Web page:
Welcome to “The Arcuate Worth It: Belts.” Have you ever seen the web-series, “Worth it?” The premise was straightforward but fun to watch. Two hosts traveled the country to sample one food item at three vastly different price points. What was the purpose? To see which meal, at it’s given price point, was most worth it. The concept bled over to a spin-off “Worth It: Lifestyle,” but lost it’s luster for me because I can’t afford nor do I give a shit about Rolexes (or is the plural of Rolex, Rolex/Rolexi?), Bentleys or diamond jewelry. That said, it did get me thinking about how to use a similar format to look at products we discuss here at The Arcuate.
The criteria are simple; this is less an in-depth review and more a comparison of value. I made three belt purchases at three vastly different price points. All of them are comparable in materials (for example, they are all full-grain leather, none of them are plastic/canvas/etc.) to avoid any blatant bias. All three belts have the same minimum amount of wear on them (30 days) to compare durability. We will start at the least expensive and move to the most.
Rogue Fitness – Leather Belt – $26
OK, the last fucking place I would have thought to look for a rugged veg-tanned belt. When my co-author first told me about them, I laughed it off. Seriously I thought he was joking. I’m a bit of a gym rat and would consider buying many things from Rogue Fitness, just not workwear. I’d also never assume a belt for $26 was going to be much to look at, let alone wear.
That said, their 1.5″ wide and quarter-inch thick belt is a beast worth trying. Made in the USA, the Rogue Leather Belt features a single prong design with Rogue branding on the loop and dark, gun-metal hardware. They cut these from the same leather they use to make their flagship “Ohio Lifting Belt,” it is thick, rugged, and tough as nails. I was immediately impressed with the leather and the finish, not for a $26 belt; generally, it was impressive. Well-tanned, burnished, and constructed, it exceeded my expectations. with over 30 days on the clock, the belt is starting to patina well, has held up remarkably, and looks great.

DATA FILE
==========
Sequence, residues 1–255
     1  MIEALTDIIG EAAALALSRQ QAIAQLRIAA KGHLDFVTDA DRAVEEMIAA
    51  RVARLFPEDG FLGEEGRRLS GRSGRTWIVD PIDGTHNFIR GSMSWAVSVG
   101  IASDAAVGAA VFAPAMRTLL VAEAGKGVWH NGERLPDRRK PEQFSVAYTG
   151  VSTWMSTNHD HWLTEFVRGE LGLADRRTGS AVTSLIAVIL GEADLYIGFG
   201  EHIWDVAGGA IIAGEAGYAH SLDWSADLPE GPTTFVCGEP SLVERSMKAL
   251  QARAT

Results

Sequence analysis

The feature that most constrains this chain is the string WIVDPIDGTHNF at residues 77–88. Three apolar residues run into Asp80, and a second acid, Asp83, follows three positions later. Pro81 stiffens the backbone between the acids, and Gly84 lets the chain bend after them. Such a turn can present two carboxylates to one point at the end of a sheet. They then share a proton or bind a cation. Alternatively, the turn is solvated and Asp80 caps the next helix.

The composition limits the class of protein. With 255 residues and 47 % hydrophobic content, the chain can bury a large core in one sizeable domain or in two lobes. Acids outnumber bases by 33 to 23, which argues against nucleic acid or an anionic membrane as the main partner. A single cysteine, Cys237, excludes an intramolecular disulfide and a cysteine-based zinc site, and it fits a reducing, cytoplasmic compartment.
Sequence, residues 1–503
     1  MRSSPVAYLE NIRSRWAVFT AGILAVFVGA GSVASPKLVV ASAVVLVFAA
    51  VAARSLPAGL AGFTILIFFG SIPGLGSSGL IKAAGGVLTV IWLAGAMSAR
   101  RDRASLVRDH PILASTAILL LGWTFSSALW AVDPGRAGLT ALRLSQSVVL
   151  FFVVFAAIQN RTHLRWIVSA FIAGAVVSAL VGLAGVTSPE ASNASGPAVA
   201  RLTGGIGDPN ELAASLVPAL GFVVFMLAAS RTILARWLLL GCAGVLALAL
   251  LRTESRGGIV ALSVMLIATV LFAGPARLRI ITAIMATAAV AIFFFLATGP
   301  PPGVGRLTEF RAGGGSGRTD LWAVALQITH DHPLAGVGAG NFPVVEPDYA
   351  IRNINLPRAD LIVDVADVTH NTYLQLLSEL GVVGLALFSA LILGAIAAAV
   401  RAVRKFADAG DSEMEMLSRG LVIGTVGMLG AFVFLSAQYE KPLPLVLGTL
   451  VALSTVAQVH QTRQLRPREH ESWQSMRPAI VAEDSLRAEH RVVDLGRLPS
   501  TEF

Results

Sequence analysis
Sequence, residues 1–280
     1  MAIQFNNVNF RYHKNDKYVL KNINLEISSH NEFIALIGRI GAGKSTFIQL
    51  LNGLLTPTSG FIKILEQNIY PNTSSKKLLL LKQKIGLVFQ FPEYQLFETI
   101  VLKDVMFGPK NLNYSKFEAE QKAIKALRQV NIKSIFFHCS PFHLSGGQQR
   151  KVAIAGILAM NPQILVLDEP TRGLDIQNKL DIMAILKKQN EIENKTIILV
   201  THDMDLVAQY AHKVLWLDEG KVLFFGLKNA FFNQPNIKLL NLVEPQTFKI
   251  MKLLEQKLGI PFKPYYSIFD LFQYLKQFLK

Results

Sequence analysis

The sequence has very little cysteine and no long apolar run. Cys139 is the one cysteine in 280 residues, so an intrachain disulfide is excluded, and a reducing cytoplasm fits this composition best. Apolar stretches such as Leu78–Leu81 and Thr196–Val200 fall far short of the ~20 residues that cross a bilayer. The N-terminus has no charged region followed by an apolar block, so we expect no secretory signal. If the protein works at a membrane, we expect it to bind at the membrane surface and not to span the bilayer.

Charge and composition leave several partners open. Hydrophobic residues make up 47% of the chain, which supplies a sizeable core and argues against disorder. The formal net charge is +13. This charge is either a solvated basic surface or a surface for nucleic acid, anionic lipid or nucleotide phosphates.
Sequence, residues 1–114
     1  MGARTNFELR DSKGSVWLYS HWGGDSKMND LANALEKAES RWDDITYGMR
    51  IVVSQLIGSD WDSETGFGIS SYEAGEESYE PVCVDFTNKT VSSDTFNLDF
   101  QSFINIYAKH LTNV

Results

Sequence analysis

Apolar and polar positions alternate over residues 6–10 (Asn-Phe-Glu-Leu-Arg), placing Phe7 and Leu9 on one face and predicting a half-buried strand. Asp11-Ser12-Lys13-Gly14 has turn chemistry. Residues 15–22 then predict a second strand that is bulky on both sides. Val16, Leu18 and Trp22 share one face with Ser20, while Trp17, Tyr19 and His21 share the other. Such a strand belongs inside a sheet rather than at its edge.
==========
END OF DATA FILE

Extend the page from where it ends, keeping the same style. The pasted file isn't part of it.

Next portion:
Where does it fall short? Hardware and sizing inconsistency was a flop for me. How in the hell do you put a flimsy metal buckle on a beefy 1.5W x .25″ thick belt? Who approved that design? It was an easy enough fix, compared to the photo from their website, and the one I took, you can see I spent about nine dollars and upgraded the hardware to a brass firefighter quick-release buckle akin to the Pigeon Tree Crafting equipment.
The sizing was a separate issue altogether. Following the fit guide, I initially bought a size 36, which should have covered me just fine; however, when it arrived, it was far too small, and the measurements were off from the website. The exchange process was simple enough, went with the next size up, and, well, it’s too big. The belt fits, but on the last belt hole, which I think looks a little sloppy. For $26 plus a nine dollar upgrade, $35 total, I like this belt.
Brave Star – The Chestnut Leather Belt – $48
Up the cost ladder, we climb. OK, not vastly higher than the Rogue Fitness belt, but approaching the fifty dollar mark for sure starts pushing us into the next tier of quality, right? Man, I was excited about this belt. I purchased it the same day as the Rogue belt, thinking the rogue belt would be dogshit, and the Brave Star belt would crush it in quality. I did, in an effort to keep things equal, replaced the Brave Star hardware for a brass firefighter quick-release buckle on this belt as well.
So, let’s talk about it. Also made in the USA, the website describes the belt color as a deep brown, helping you skip the waiting for the natural aging process to produce a similar color. The color is lovely, but I wouldn’t compare it to the natural patina created color of a naturally aged veg-tanned belt.